Fran Kinniry, VanGuard Investment Strategy Group: “Investors continue to chase performance. . . . . . . . . . For the first time since the onset of the global financial crisis—significant positive cash flows into stock funds and negative flows out of bond funds. . . . . But this isn’t necessarily the smartest move. Instead he suggests investors look at their asset allocation and direct more money into bond mutual funds. “It is very common following significant gains in the equity markets for investors to question the benefits of rebalancing. Perhaps they think that “it’s gonna be different this time.” While it might be, it is much more likely to be the “same as it ever was.”

    Tobias Levkovich, Citigroup: “A quick perusal of our summary dashboard signals is not that inviting for the S&P 500 despite an accommodative Fed, and still positive credit conditions, and longer-term valuation metrics. Sentiment is now warning of a euphoric investor base while the Citi Economic Surprise Index and intra-stock correlation are also posting worrisome signs. . . In the past, sticking with the disciplines has served investors well and there does not seem to be a need to alter the “conditional probabilities” approach just to fit in with current enthusiasm.”

    Steven Russolillo and Alexandra Scaggs, Wall Street Journal: “Wall Street strategists have a reputation for being stock-market cheerleaders, helping to boost sales of stocks at their brokerage firms. Since 2000, stocks have returned an average annual gain of 3.3%, well below the 10% predicted each year by strategists. Every year they predicted stocks would rise the following year, missing all four down years that stocks plunged.”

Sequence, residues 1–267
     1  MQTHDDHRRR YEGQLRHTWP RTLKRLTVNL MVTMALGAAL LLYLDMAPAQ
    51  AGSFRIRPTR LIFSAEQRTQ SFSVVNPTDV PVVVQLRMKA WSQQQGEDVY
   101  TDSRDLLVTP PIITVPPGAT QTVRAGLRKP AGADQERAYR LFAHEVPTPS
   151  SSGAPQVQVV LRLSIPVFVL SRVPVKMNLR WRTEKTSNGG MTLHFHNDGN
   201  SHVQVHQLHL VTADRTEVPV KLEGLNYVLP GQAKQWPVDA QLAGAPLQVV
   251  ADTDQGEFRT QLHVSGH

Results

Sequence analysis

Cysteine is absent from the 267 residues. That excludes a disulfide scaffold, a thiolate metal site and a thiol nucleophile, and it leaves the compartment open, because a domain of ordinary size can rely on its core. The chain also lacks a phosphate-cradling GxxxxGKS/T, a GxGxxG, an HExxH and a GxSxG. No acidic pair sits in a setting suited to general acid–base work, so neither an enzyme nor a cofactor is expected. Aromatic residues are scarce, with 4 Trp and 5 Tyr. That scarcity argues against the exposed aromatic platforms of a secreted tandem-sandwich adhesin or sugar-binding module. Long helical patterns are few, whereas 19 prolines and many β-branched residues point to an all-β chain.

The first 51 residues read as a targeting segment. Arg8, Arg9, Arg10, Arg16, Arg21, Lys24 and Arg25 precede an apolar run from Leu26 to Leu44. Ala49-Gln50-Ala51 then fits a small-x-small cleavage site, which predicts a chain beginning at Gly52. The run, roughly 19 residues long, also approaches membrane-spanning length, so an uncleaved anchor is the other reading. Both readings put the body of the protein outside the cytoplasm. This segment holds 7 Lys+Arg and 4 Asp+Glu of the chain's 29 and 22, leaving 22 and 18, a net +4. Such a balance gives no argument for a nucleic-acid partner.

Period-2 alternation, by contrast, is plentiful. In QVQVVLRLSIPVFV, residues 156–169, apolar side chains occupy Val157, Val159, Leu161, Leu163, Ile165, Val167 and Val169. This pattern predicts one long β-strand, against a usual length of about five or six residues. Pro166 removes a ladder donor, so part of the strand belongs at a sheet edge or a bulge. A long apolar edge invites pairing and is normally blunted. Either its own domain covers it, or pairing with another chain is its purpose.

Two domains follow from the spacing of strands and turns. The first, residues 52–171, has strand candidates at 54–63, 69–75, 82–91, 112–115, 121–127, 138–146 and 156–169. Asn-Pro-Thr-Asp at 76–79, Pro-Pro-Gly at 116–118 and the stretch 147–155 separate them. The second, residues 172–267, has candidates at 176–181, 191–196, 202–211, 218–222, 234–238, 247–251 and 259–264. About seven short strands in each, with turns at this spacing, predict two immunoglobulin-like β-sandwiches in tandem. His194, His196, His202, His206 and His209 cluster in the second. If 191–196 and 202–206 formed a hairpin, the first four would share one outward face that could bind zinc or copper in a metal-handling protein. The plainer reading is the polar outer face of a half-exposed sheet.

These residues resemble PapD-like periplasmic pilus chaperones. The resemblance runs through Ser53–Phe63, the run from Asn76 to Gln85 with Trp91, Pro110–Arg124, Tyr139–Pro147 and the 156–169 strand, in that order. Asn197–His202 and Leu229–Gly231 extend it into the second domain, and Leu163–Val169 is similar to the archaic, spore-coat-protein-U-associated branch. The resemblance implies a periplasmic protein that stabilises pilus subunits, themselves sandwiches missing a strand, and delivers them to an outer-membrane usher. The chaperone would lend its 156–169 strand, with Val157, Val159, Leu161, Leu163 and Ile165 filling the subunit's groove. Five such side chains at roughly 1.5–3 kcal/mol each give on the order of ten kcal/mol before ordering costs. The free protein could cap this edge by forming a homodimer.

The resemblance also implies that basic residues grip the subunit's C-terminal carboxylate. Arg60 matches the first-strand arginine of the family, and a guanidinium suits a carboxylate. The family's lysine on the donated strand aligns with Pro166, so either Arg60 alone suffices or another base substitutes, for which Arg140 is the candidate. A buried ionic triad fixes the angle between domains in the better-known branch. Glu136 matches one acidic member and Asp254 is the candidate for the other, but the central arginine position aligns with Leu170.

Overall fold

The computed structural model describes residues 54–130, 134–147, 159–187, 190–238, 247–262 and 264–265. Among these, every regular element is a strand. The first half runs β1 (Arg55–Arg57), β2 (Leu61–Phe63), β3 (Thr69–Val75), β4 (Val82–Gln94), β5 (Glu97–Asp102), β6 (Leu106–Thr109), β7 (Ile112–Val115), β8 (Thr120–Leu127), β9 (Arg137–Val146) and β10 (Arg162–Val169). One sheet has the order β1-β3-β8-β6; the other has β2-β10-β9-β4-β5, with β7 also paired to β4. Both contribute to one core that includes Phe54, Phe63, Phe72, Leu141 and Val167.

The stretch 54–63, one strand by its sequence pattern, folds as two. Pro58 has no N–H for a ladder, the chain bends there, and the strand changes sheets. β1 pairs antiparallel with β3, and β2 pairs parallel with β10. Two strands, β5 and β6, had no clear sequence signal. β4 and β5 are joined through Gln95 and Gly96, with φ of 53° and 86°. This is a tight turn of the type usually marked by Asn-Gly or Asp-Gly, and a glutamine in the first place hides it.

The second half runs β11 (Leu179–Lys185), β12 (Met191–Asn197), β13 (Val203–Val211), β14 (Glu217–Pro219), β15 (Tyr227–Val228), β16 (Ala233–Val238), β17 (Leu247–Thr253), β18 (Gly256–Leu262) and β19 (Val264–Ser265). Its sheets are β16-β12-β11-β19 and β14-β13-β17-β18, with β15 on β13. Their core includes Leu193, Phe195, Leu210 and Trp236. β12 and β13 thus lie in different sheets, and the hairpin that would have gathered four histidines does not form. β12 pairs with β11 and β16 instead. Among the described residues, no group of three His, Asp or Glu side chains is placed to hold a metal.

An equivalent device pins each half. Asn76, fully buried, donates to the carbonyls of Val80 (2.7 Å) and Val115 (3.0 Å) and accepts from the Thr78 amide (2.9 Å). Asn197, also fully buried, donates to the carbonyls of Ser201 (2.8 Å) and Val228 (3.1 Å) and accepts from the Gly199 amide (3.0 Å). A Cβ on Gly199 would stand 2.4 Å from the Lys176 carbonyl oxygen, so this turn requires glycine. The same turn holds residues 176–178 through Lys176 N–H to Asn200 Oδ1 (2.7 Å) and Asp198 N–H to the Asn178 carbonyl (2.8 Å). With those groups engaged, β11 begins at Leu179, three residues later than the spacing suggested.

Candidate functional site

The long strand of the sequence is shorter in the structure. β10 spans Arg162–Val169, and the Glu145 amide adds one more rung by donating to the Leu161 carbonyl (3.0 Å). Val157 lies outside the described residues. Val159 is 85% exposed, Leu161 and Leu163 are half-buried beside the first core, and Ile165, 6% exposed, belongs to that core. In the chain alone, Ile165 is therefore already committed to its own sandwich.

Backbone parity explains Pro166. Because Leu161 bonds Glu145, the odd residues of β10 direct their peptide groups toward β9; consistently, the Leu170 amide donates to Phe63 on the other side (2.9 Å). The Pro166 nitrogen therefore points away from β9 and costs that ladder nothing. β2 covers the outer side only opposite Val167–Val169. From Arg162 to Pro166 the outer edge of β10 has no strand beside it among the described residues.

Stocks have only averaged a 3.3% annual gain since 2000? Well, yeah. Actually less. The S&P 500 is just 18.7% higher than at its peak 13 years ago on a buy and hold basis, or an average of 1.4% a year.


    By contrast our Seasonal Timing Strategy is 161% higher than in 2000, and while taking only 50% of market risk, and seeing its worst years so far a 3.6% decline in 2008, and a decline of 4.2% in 2009. It has done a superb job of missing the big declines.

    To read my weekend newspaper column click here:  The Fed Is Backed Into A Corner

    Images: Flickr (licence attribution)

    About The Author – Sy Harding, Street Smart Report

    Sy Harding publishes the financial website Street Smart Report Online and a free daily Internet blog at Sy’s Free Blog. In 1999 he authored Riding The Bear – How To Prosper In the Coming Bear Market. His latest book is Beat the Market the Easy Way! – Proven Seasonal Strategies Double Market’s Performance!

    It includes our research and analysis on the economy and markets, and provides charts and buy and sell signals on the major market indexes, sectors, bonds, gold, individual stocks and etf’s, including short-sales and ‘inverse’ etf’s.

    It provides two model portfolios as guides. One is based on ourSeasonal Timing Strategy, one on our Market-Timing Strategy.

    In depth updates are provided every Wednesday, with interim ‘hotline’ updates every time we make a trade. An 8-page traditional newsletter Street Smart Report is provided on the website every 3 weeks, in pdf format for viewing or printing out.

    There is the Street Smart School of online technical analysis ‘seminars’,commentaries to keep you ‘street smart’ about Wall Street, and much more.